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UK To Commence “Much Tougher Penalties” To Discourage Texting While Driving

As a means of attempting to deal with the widespread, and very dangerous, practice of texting while driving, the UK’s government will begin utilizing “much tougher penalties” against offenders, according to recent reports.

The rule change will see offending drivers given 6 points on their license and a £200 fine. Importantly, though, this isn’t everything — new drivers may be forced to retake their driving tests, and experienced drivers may be forced to go to court, with the possibility of 6-month driving bans and £1,000 fines hanging over their heads.

This is certainly an improvement over the penalties now (3 penalty points and a £100 fine), but I wonder if that’s really enough to stop many people from texting or looking at their smartphones while driving. Some people seem to be psychologically addicted to doing so, and the risk of penalties at this scale may not be enough to break them out of that addiction. Steeper penalties would be a better option, in my opinion.

Texting while driving is a very dangerous activity, one that results in quite a large number of deaths and serious injuries every year. And yet it’s considered a benign activity by many (“I won’t crash while texting, only stupid people do, not me, blah blah blah”), so if penalties are going to put a dent in the activity, then they probably need to be pretty steep.

The changes are expected to go into effect sometime during the first half of 2017, according to the UK’s Department of Transport.

The BBC provides more: “But Darrell Martin, whose brother was killed by a driver on his phone, said the penalties did not go far enough. ‘For the majority of people it will just be another expensive (bit) of motoring, it’s not really a deterrent is it? Six points isn’t the same as the immediate ban with drink driving.’ His brother, cyclist Lee Martin, was killed when he was hit by a van driven by Christopher Gard in 2015. Earlier this month, Gard, 30, from Alton, Hampshire, was jailed for nine years after admitting causing death by dangerous driving. The 30-year-old had at least six previous convictions for using a phone at the wheel. ‘…the text message that killed my brother, the bloke was writing about he was going home to meet his mate and take his dog for a walk. That’s the end of my brother’s life… it’s pointless, absolutely pointless.'”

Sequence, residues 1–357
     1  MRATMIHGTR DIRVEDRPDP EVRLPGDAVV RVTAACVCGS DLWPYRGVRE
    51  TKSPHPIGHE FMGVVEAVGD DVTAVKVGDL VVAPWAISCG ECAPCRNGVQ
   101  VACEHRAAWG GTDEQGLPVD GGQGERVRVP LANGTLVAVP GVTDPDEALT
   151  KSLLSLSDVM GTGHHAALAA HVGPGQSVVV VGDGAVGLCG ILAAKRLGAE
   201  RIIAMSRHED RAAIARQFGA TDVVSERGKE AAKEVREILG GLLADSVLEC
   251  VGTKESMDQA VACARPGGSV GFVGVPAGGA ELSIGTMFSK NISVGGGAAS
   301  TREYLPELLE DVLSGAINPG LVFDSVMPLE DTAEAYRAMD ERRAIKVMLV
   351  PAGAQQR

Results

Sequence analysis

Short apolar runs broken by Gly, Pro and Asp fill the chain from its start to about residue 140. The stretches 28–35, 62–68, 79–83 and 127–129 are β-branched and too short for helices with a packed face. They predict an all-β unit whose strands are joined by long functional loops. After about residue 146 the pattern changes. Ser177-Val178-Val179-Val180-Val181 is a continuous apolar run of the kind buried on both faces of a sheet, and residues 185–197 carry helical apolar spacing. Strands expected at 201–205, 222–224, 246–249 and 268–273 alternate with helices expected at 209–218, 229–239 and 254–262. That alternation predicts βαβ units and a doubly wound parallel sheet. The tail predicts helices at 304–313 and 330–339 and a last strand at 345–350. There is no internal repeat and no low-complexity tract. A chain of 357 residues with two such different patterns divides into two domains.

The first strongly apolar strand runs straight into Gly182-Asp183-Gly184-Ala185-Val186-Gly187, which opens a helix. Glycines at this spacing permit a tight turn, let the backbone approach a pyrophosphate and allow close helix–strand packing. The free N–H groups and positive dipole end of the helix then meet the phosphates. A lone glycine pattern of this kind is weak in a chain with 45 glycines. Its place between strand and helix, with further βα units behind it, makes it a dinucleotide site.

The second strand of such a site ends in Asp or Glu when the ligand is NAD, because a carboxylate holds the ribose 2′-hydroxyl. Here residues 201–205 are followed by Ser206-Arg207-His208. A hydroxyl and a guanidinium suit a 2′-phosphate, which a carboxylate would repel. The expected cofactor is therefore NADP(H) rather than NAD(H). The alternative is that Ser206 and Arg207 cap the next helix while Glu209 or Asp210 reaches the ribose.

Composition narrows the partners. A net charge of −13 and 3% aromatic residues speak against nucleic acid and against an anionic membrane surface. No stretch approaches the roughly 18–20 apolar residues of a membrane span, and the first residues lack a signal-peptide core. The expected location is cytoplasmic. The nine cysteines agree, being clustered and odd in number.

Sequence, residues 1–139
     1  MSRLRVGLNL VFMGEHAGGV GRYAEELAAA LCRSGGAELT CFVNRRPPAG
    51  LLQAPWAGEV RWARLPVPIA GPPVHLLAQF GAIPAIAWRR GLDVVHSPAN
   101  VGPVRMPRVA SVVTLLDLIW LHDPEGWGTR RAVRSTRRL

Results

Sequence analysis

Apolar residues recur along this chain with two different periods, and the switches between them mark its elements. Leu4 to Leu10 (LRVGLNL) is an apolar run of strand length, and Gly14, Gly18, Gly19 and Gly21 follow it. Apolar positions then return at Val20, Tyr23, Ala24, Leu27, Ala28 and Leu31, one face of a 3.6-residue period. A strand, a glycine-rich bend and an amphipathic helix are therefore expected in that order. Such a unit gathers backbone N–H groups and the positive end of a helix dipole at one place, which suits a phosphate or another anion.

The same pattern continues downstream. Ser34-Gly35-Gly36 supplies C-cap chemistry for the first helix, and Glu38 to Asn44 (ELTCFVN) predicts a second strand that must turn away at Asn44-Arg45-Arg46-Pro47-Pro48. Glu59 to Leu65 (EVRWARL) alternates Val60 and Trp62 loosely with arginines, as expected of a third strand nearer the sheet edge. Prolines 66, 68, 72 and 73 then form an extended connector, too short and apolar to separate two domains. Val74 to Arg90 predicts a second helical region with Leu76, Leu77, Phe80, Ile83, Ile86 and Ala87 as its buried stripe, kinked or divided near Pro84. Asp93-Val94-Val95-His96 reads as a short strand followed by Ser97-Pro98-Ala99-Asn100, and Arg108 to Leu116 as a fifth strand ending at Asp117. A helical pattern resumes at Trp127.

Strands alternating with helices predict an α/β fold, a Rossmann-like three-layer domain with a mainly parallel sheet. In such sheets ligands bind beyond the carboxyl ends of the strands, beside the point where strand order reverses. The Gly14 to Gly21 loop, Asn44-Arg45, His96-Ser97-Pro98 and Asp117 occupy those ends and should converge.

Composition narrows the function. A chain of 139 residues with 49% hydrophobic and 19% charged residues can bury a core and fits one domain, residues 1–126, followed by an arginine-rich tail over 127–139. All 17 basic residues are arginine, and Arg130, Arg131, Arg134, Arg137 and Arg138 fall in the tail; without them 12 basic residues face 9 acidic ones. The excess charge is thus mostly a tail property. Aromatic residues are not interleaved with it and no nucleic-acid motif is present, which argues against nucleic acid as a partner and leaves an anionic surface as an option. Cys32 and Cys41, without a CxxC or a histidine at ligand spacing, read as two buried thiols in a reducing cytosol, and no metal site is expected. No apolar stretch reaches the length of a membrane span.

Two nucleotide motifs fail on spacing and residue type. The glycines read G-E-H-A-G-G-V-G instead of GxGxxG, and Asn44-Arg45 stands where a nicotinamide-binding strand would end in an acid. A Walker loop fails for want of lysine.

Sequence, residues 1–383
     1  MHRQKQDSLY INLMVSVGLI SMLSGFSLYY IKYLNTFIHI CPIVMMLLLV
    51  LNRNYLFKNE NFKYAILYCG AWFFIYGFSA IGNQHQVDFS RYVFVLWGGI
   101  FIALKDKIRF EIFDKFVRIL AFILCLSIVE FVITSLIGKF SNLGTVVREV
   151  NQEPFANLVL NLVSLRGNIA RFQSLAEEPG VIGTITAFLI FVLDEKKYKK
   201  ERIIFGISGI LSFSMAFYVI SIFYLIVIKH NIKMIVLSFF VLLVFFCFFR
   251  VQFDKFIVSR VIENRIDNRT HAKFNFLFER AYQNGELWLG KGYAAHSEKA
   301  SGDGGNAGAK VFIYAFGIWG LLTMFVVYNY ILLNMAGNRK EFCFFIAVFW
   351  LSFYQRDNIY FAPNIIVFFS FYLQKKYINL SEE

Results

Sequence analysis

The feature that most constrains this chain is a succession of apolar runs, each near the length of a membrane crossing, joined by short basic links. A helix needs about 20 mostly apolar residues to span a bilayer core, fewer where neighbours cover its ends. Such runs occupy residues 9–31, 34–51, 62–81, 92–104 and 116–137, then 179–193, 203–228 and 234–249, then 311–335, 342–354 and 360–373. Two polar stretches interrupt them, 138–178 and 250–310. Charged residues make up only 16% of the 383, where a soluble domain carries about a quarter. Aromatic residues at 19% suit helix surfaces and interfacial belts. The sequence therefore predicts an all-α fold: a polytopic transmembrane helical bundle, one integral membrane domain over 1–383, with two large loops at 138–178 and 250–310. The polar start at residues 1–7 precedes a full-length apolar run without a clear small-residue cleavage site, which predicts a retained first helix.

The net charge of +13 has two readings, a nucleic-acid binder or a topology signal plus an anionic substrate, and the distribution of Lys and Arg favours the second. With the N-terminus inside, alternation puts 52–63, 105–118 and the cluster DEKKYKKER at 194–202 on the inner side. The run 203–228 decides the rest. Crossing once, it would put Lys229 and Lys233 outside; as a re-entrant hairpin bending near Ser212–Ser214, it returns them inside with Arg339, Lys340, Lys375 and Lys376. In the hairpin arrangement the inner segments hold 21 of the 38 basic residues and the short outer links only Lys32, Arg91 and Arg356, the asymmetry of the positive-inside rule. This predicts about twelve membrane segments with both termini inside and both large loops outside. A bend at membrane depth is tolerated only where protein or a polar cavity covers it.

Continuing: “Earlier this week, a survey by the RAC suggested nearly a third of UK motorists text, make calls, and use apps while at the wheel, with the number having risen since 2014. Of the 1,700 people questioned by the motoring organisation, 14% said they had even taken photos and made films while driving. Department for Transport figures show that a driver impaired or distracted by their phone was a contributory factor in 492 accidents in Britain in 2014, including 21 that were fatal and 84 classed as serious.”

Notably, the changes discussed above will apparently only affect England, Scotland, and Wales — not Northern Ireland.

As far as how this relates to what we do here at “CleanTechnica,” the connection is to autonomous driving technologies, and safer passenger transport. It’s apparent that, to a great many people, driving is not something they like to do — they would prefer to look at their phone, drink alcohol, possibly even to take a nap. That’s probably where much of the value in self-driving cars resides — if we take the people who don’t actually like driving (and thus don’t pay attention) off the roads, we can probably slash auto accident and fatality rates pretty substantially.

While we’re on the subject, Werner Herzog was commissioned awhile back to make a short documentary film on the subject of texting while driving, and the accidents that often result from the behavior. You can watch that below if interested:

Tip of the hat to Philip Waterhouse for the story.

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Written By

James Ayre's background is predominantly in geopolitics and history, but he has an obsessive interest in pretty much everything. After an early life spent in the Imperial Free City of Dortmund, James followed the river Ruhr to Cofbuokheim, where he attended the University of Astnide. And where he also briefly considered entering the coal mining business. He currently writes for a living, on a broad variety of subjects, ranging from science, to politics, to military history, to renewable energy.


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